Emergency scheme needed to solve flooding problems for farmers: Kevin ‘Boxer’ Moran

An emergency scheme must be put in place for farmers following significant flooding on the banks of the River Shannon, says outgoing minister of state for the Office of Public Works (OPW)and Flood Relief, Kevin ‘Boxer’ Moran.
Emergency scheme needed to solve flooding problems for farmers: Kevin ‘Boxer’ Moran
Kevin ‘Boxer’ Moran: Immediate action on floods needed.
Kevin ‘Boxer’ Moran: Immediate action on floods needed.

With additional reporting by Vivienne Clarke

An emergency scheme must be put in place for farmers following significant flooding on the banks of the River Shannon, says outgoing minister of state for the Office of Public Works (OPW)and Flood Relief, Kevin ‘Boxer’ Moran.

Mr Moran, an Independent TD who lost his seat for Longford-Westmeath at the recent general election, defended the Government’s record on flood defence, saying previous administrations had taken no action on the problem.

“If you look at where we came from, we took it from where it was and now we have 98 schemes ongoing around the country,” he said. “Governments of the past put nothing into flooding, this Government. People might criticise it, but we put €1bn into flooding.”

Mr Moran moved to reassure frustrated locals in the Carrick-On-Shannon area that a new weir will be installed in the region to alleviate flooding as part of a €10m scheme. Criticism had abounded in the area that those works had not been carried out in advance of the recent heavy weather to mitigate the fallout.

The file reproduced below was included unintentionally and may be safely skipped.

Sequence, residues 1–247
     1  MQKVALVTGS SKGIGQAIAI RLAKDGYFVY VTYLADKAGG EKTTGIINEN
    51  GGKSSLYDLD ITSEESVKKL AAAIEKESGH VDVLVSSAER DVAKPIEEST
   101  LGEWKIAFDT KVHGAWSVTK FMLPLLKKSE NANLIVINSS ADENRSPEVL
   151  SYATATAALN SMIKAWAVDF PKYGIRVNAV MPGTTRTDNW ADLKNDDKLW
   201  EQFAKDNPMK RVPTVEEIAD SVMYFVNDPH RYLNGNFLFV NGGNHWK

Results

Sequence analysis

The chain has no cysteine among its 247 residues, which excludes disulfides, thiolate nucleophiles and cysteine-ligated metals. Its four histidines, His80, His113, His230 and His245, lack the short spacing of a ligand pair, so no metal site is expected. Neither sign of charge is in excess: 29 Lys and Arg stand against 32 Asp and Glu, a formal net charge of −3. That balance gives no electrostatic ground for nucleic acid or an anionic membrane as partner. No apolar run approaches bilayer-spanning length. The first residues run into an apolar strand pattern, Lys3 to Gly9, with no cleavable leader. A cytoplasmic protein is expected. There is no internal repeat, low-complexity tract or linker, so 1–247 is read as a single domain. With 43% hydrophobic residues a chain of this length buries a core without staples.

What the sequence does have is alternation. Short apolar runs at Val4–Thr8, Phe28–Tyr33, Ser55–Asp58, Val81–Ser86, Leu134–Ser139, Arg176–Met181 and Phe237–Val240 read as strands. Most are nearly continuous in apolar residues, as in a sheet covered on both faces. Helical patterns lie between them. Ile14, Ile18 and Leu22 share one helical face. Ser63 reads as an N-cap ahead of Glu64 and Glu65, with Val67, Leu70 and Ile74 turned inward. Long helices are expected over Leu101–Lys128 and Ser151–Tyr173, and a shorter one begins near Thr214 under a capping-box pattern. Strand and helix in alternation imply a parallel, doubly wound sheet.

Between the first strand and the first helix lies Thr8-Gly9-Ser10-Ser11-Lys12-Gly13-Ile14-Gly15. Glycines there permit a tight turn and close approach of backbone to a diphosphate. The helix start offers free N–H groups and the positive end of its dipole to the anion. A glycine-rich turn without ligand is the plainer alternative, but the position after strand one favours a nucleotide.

“That commitment will be honoured, I can assure you,” Mr Moran said.

Prolonged rainfall across the midlands in recent days has led to heavy flooding along the Shannon, with more than eight inches of rain falling in recent weeks.

“That is an enormous amount of rainfall,” Mr Moran said on RTÉ Radio yesterday. He has never seen conditions at this time of year like those experienced in recent days, he added.

“There will have to be an emergency scheme put in place for the farmers, I’d like to see that,” he said.

Calls for such an emergency scheme were echoed by IFA president Tim Cullinan.

“We need real action to protect farmers and other members of these communities,” said Mr Cullinan. “The fact that insufficient action has been taken to manage the River Shannon is a contributory factor in the flooding crisis.”

He said he consulted with farmers in Longford in the last week who raised with him the problems being experienced by those working the areas along the river.

“With better monitoring, we could avoid some of the problems we have now,” said Mr Cullinan.

Those sentiments were echoed by the association’s regional chairman for Connacht, Pat Murphy, who said the severe rainfall caused “havoc” on farms.

“The Government needs an overall strategy to tackle the flooding issue which has affected areas such as the Shannon catchment area and other river areas throughout the country,” said Mr Murphy.

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